Spiritual leadership does not rest in a title or in a position or in seniority. The biblical approach to leadership rests on the quality of life of the individual leader. Because of the very nature of the term “leader,” the followers will follow his or her example.
All of us are in process of growing and developing as individuals and leaders. None of us have arrived, but still there are qualities that people must have in order to lead others. Titus 1 and 1 Timothy 3 gives us a list of the non-negotiable life-qualities that spiritual leaders should possess and be continuing to grow in. The attributes are a combination of character, maturity and track record. The list gives us a way of determining who is ready for leadership.
Listed below are some of the characteristics necessary for a person to be a leader and part of the leadership team on a local campus.
A LEADER NEEDS TO BE DEVELOPING INTO A...
Person of faith – believes God for God-sized things and willing to step outside of their personal comfort zone to see Him work. (Hebrews 11:6, Mark 10:27)
Person of vision – knows where he is going and able to motivate others to follow him. (Proverbs 29:18)
Person of the Word – growing in knowledge and application of God’s Word. (1 Peter 2:2)
Person of Lordship – filled with the Holy Spirit and walking by faith. (Ephesians 5:18-20, 2 Corinthians 5:7)
Person of prayer – demonstrates a growing dependence on the Lord thru prayer. (Colossians 4:2)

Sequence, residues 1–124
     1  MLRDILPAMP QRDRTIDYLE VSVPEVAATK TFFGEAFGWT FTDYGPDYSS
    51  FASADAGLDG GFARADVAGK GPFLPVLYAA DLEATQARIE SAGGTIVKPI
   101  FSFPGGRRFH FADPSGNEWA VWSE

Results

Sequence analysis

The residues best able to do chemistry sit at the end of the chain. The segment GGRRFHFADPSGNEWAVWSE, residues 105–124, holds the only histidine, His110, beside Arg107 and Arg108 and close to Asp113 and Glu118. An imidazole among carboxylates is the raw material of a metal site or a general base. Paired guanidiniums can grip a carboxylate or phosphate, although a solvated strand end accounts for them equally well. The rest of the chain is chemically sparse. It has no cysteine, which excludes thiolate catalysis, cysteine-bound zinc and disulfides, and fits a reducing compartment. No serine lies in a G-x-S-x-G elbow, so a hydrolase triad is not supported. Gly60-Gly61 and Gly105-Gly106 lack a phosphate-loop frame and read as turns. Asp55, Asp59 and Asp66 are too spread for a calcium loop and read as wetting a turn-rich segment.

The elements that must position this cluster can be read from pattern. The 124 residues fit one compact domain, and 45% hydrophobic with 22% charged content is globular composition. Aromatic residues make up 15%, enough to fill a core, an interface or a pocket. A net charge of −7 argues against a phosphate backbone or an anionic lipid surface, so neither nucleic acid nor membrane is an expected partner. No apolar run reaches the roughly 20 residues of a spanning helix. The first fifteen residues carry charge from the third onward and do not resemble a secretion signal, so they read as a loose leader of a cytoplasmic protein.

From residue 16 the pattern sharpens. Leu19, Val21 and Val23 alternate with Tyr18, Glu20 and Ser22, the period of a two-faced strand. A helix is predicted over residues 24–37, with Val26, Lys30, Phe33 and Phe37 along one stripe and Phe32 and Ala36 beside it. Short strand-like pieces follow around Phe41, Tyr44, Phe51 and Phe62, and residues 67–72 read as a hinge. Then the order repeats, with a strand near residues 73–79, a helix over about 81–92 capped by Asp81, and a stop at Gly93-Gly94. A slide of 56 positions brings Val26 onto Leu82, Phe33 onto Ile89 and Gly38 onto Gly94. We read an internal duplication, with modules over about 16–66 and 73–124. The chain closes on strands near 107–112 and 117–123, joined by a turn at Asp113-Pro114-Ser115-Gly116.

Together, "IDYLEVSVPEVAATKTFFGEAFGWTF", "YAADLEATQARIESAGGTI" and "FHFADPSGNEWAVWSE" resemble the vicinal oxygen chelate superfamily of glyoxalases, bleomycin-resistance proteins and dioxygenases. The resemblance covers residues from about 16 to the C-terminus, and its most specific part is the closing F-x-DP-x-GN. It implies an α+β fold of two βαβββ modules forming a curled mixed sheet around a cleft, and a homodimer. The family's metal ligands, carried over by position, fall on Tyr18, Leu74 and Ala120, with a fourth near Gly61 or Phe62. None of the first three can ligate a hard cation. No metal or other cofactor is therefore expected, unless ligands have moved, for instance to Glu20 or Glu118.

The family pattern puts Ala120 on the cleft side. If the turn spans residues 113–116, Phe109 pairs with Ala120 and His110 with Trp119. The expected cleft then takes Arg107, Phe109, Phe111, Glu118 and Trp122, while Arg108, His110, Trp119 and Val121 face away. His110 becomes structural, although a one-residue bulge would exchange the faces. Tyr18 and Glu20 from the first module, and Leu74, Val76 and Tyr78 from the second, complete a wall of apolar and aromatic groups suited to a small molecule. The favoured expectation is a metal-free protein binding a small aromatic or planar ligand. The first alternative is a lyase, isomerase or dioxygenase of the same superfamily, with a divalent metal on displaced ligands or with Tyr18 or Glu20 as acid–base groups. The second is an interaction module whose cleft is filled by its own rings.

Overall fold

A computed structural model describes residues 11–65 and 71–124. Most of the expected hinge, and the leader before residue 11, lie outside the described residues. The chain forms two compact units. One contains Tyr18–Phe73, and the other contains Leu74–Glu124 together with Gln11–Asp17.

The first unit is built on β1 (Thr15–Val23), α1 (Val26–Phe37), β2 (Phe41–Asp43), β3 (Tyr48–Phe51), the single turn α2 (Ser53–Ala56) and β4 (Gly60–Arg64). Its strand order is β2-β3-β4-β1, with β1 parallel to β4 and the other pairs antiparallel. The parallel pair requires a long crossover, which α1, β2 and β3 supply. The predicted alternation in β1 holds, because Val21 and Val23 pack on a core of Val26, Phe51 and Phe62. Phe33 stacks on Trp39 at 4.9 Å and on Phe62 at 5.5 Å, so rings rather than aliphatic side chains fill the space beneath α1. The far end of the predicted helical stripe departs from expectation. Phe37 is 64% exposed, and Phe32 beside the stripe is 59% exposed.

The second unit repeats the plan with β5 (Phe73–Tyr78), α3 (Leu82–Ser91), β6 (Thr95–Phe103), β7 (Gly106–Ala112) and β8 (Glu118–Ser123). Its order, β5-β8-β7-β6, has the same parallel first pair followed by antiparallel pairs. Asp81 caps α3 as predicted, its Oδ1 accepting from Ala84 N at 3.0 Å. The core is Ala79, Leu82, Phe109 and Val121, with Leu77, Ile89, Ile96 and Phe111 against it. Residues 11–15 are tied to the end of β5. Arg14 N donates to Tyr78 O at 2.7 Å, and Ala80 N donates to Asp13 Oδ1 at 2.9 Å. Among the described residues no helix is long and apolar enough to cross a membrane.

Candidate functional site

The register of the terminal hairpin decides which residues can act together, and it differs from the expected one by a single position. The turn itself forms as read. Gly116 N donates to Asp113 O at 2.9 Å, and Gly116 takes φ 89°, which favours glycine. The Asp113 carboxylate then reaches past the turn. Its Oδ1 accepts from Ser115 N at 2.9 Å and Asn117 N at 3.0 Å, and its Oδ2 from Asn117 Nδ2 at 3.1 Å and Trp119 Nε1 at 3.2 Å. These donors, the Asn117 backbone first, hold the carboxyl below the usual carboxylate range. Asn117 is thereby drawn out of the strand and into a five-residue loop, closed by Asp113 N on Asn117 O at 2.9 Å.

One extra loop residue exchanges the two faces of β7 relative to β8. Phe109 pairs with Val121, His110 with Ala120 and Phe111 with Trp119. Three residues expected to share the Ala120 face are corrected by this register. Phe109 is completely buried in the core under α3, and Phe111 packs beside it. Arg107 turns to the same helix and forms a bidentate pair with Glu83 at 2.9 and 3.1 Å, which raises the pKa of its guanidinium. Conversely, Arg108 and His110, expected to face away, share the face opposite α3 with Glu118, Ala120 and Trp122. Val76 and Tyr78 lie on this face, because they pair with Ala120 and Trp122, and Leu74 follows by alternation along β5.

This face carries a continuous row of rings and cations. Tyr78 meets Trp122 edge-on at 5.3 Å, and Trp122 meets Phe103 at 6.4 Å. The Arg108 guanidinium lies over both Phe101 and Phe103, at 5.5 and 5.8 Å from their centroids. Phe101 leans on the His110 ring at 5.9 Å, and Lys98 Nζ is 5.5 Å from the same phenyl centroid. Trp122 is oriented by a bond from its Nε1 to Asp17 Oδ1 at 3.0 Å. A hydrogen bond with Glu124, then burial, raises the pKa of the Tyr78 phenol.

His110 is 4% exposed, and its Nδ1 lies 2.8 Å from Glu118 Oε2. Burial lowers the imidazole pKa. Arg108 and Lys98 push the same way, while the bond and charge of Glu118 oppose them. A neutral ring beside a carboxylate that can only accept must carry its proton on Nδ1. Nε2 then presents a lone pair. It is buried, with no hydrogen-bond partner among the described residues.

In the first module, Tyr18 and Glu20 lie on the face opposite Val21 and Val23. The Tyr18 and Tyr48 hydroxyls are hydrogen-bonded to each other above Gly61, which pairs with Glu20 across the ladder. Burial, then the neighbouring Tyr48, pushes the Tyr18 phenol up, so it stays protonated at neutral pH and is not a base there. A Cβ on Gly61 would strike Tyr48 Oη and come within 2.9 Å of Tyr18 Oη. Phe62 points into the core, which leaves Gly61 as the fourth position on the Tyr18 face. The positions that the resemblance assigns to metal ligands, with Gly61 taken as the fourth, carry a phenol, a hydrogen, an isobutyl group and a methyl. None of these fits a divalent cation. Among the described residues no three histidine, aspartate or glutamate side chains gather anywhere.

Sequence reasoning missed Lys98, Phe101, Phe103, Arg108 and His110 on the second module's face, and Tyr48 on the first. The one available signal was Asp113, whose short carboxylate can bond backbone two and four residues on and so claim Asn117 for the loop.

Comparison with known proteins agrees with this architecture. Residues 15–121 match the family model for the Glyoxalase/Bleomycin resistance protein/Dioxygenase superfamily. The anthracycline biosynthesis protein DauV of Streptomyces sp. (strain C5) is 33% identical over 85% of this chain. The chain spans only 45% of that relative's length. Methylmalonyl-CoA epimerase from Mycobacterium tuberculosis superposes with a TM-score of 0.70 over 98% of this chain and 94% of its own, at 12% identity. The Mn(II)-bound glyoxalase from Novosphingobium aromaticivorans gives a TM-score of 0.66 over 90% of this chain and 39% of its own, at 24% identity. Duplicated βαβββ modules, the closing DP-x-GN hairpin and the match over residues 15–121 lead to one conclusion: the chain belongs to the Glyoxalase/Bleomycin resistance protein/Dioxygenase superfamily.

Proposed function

Person of mission – understands, owns, and can articulate our mission of turning lost students into Christ-centered laborers. (Matthew 28:18-20)
Person of relationships – socially capable of initiating and sustaining healthy relationships with both men and women.
Person of character – moral and ethical strength; integrity (2 Timothy 2:2):
OTHER IMPORTANT QUALITIES OF A LEADER
Dynamic Determination – The tenacity to set and complete goals and get the job done whatever it takes.
Intellectual Flexibility – The ability to think outside the box and to adapt your way of thinking to new variables. It is an important contribution to problem solving.
Emotional Well-Being – Can give and minister from the context of their own emotional contentment.
As a child, I thought I needed to be nice so people would like me. I thought that was love. But you know what? That is not the way God sees it. Laying aside my rights doesn’t mean pleasing others. This discovery has been critical to my life and leadership.
"In the days when television was a luxury we could not afford, we would sit on the linoleum floor around my great-grandmother’s rocking chair and listen to her tell stories..."
"When I am asked to take on a leadership role, I experience two emotions: I am flattered that they would ask and anxious that I won’t do a good job."
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